2) teams will be willing to spend quite a bit chasing that money and our current back markers will not have a chance on thier budgets BUT new investment will come and healthy budgeted teams will continue to grow ( personally I find it embarrassing that there are teams not spending at least 100m to compete in F1)
    3) with money like this on the line we will see even more fierce competition and teams will be more than willing to open up testing. The teams make the rules as you know, the FIA is a shadow of this mechanism.
    4) if the winning team receives 400m for example they could spend 350m and be quite profitable – don’t we all want to see what f1 cars are like on truly unlimited budgets?

    The billion is there if cvc gave it up, it would be a wise move in the long run.

  13. I’ve always preferred to see a more natural way of sharing the wealth. Teams would be allowed to test any number of days for any number of hours. All days must be open to the public. For the purpose of fan appreciation, a small number of tests would be mandatory at the team’s discretion, requiring any 2 of 3 selected tests as mandatory (or 3 of 4, 1 of 2, whatever works). Teams would also be allowed a small number of exempt hours for shakedown and/or media/sponsorship events.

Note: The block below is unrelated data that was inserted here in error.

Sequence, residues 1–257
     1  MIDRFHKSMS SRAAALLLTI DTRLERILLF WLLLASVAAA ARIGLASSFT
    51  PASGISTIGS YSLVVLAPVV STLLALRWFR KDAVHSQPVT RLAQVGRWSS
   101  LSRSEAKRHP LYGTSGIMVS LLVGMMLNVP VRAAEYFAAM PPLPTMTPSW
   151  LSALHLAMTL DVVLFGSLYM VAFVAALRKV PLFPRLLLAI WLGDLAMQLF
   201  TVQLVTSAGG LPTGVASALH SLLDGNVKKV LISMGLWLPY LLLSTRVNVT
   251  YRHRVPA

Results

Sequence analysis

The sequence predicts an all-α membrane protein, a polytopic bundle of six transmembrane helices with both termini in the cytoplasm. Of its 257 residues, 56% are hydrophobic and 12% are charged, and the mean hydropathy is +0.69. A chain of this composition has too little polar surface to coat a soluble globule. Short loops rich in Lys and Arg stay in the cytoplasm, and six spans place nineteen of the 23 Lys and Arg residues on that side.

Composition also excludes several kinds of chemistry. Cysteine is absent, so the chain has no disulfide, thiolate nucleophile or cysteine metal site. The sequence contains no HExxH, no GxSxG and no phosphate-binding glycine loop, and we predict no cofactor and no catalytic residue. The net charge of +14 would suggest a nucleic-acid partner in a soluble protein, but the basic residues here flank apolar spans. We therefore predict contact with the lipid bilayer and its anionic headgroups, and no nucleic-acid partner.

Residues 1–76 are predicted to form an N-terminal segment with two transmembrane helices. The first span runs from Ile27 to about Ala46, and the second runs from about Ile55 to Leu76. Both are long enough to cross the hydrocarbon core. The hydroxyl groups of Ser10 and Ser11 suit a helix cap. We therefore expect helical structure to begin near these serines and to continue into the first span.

Sharing the wealth would come by way of how teams pay for testing. The more you test the more you pay. The wealthier teams can test as much as they can afford. The scrappier teams may choose to test as little as possible. An option might be that various levels of drivers offer discounted hours — for example, a test driver may accumulate at 80% and a junior driver accumulate at 50%. At various checkpoints in the season the accumulated fees would be divided amongst the teams proportionate to the number of hours testing in reverse order. By way of example, there are three teams testing 10 hours, 50 hours, and 100 hours respectively. Team 1 with 10 hours would have a weight of 90 (100-10). Team 2 with 50 hours would have a weight of 50 and team 3 a weight of 0. Team 1 would receive 90/140 of the accumulated fees. Team 3 would receive 0/140.

    If such a system could work then it could also be applied to wind tunnel testing in a similar fashion. Perhaps paying additional fees for larger scale models or various types of wind tunnels that might offer greater levels of utility relative to others.